British Columbia farmland values increase

Report. values decreased 0.9 per cent during the first half of 2010 over 2009 and were unchanged in the second half of 2009. The report provides important information about changes in land values across Canada and is available at:

www.farmlandvalues.ca.

“FCC is committed to advancing the business of agriculture and one of the ways to do this is by providing producers with our market based observations twice a year to help them make timely management decisions,” says Michael Hoffort, FCC Senior Vice-President, Portfolio and Credit Risk.

The last time British Columbia saw an increase in its farmland values was during the second half of 2008.

Comparatively, the average value of Canadian farmland increased 2.1 per cent during the last six months of 2010 and continued the steady increase reported during the last decade. Farmland values remained stable or increased in all provinces. Prince Edward Island experienced the highest average increase at 3.2 per cent.

In the last three semi-annual reporting periods, farmland values in Canada increased by an average of 3.6 per cent in spring 2010, 3.0 per cent in fall 2010 and 2.1 per cent in spring 2011. The highest average national increase was in 2008 at 7.7 per cent. The last time the average value decreased was in 2000 at -0.6 per cent.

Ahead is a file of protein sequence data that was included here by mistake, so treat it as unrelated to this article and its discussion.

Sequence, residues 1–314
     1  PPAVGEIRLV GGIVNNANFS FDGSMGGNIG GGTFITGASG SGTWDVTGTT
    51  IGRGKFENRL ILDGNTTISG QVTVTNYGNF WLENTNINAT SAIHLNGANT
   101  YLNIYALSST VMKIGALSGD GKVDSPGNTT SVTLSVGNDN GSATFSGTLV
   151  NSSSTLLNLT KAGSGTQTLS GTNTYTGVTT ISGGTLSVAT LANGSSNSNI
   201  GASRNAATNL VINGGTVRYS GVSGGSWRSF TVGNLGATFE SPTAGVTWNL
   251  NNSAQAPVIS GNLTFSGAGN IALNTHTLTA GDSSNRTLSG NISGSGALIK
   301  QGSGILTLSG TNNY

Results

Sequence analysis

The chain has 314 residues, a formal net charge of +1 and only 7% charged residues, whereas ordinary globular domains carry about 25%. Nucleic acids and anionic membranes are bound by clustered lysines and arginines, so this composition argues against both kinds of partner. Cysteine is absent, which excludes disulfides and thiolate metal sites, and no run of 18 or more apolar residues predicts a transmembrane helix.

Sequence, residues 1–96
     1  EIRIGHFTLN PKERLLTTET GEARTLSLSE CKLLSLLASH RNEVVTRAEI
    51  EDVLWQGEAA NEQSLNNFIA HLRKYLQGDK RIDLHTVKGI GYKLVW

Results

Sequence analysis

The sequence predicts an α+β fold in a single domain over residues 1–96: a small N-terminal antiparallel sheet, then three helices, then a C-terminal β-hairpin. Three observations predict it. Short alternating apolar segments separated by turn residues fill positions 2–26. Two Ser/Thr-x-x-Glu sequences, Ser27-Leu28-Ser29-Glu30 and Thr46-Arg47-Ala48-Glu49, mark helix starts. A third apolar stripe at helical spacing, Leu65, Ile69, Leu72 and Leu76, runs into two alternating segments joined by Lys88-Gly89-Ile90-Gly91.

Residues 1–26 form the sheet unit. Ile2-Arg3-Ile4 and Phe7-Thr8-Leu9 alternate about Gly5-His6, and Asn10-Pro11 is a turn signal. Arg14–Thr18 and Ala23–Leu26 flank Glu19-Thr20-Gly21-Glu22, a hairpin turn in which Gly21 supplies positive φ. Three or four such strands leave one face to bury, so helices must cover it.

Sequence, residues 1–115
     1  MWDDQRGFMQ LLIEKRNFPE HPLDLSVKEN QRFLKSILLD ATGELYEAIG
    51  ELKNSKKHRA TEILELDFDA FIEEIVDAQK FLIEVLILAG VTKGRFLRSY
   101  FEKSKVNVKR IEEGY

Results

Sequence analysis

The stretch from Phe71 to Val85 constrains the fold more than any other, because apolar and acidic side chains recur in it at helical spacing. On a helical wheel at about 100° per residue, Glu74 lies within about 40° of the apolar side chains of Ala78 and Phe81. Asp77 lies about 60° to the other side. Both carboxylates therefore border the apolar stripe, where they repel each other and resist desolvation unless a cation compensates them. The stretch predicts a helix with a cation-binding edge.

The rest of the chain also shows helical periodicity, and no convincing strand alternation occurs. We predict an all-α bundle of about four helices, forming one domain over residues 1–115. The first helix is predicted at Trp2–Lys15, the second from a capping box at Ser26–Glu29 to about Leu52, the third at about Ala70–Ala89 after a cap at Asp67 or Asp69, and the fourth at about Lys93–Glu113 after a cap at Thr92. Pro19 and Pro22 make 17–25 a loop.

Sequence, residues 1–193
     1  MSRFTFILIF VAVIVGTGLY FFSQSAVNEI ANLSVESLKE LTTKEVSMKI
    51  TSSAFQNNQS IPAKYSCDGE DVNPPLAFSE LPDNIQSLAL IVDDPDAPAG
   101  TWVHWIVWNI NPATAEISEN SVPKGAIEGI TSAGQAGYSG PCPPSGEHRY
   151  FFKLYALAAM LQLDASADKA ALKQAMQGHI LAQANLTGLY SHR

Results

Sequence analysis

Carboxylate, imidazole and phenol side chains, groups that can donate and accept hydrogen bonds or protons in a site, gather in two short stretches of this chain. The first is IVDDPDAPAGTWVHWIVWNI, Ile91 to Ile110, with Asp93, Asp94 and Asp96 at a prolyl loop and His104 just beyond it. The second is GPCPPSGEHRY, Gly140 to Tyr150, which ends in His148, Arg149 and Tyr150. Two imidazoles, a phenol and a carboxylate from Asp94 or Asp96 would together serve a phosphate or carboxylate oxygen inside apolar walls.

“Canadian land values are strong and, looking at world markets in our current financing environment, there are factors in place that could exert further upward pressure on the price of farmland” says Jean-Philippe Gervais, FCC Senior Agriculture Economist. “Rising incomes and population growth in emerging countries is increasing the demand for ag commodities at a time when global cereal stocks are low, production conditions in some major grain producing countries could potentially be challenging and the availability of quality farmland worldwide is limited,” says Gervais.

According to a fall FCC Vision Panel survey, 26 per cent of the producers who responded planned to increase capital spending on land in 2011. Crop (33 per cent), poultry (32 per cent) and dairy (28 per cent) producers were more likely to state that they are planning to increase spending on land in the next year compared to other animal (21  per cent), hog (17 per cent) and horticulture (17 per cent) producers. Manitoba (30 per cent), Saskatchewan (30 per cent) and Ontario (28 per cent) producers are more likely to report that they are planning to increase spending on land compared to British Columbia (17 per cent) and Quebec (21 per cent) producers. FCC Vision Panel survey findings can be found at:

 

www.fccvision.ca/research.